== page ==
committed that  is not  just a  State of  Alaska crime,                                                                    
     but a Federal crime, we  need to turn that suspect over                                                                    
     to the  US Attorney  General's office  for prosecution.                                                                    
     This  saves Alaska  costs at  trial  and prison  costs.                                                                    
     This gets  that convicted criminal out  of Alaska, into                                                                    
     a  Federal prison  at the  cost of  the Federal  prison                                                                    
     system.  Sure,  we the taxpayers  pay for that,  but we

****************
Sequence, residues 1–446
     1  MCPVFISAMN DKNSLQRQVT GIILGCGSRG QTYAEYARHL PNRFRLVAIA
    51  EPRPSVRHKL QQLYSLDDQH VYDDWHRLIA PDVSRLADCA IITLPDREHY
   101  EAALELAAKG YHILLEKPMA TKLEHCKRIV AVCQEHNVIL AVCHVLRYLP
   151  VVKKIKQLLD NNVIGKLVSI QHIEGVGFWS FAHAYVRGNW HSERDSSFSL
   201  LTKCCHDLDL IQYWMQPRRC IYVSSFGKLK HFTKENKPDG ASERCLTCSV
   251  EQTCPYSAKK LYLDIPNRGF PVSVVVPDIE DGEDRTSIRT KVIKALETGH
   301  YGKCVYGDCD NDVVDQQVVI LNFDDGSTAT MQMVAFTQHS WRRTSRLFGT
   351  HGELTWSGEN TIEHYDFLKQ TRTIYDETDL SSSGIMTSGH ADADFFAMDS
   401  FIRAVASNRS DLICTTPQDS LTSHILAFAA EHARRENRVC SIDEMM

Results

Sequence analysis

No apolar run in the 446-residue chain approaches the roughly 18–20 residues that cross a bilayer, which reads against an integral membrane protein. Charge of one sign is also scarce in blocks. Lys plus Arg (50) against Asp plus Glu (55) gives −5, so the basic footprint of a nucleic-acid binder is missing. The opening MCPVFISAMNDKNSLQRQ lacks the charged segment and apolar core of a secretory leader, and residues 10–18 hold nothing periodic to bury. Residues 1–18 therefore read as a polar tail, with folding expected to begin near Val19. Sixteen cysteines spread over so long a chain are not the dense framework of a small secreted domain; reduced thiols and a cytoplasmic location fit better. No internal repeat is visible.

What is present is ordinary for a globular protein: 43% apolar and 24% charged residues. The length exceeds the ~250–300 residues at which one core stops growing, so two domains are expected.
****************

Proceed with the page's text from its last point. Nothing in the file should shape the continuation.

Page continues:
do  that already.   These are  serious crimes  and most                                                                    
     likely  not something  that a  person with  no criminal                                                                    
     history  would  commit,  thus   they  are  the  problem                                                                    
     criminals  that have  a very  poor  recidivism rate  to                                                                    
     begin with.                                                                                                                
     This  [second] idea  may be  out  of the  scope of  the                                                                    
     Commissioner of DOC, but why  can't this bill be a path                                                                    
     towards reducing  prison overcrowding, prison  costs as                                                                    
     well as a means  to realistically reduce the recidivism                                                                    
     rate in our prisons.